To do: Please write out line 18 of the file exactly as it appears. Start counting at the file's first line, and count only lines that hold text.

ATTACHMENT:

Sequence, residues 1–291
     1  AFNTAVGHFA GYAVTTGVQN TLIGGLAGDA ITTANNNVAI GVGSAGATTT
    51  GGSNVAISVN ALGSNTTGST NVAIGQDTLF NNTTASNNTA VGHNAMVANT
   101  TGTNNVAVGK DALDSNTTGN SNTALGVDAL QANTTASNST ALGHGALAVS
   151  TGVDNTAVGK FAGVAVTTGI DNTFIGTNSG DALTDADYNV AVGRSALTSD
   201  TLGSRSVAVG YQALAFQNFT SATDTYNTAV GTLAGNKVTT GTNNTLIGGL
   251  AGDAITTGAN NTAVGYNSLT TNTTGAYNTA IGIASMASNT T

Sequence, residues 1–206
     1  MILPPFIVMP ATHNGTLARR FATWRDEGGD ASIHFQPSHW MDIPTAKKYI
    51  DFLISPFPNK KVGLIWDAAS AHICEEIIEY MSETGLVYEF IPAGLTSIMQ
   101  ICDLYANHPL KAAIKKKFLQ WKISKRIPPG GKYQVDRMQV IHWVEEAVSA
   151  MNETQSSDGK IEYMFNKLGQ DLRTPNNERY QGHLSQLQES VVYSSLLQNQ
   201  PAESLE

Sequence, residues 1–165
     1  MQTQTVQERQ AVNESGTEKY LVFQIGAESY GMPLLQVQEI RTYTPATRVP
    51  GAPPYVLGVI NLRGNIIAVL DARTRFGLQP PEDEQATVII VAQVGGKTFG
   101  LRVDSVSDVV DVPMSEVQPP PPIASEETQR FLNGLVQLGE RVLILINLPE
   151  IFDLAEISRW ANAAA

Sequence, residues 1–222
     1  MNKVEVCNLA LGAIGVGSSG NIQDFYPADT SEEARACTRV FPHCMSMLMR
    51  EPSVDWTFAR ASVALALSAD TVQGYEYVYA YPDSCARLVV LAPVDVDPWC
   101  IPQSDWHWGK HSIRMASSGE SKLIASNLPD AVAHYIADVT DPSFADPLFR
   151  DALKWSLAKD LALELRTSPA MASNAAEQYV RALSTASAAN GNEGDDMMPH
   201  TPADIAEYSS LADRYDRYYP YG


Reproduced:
   151  IFDLAEISRW ANAAA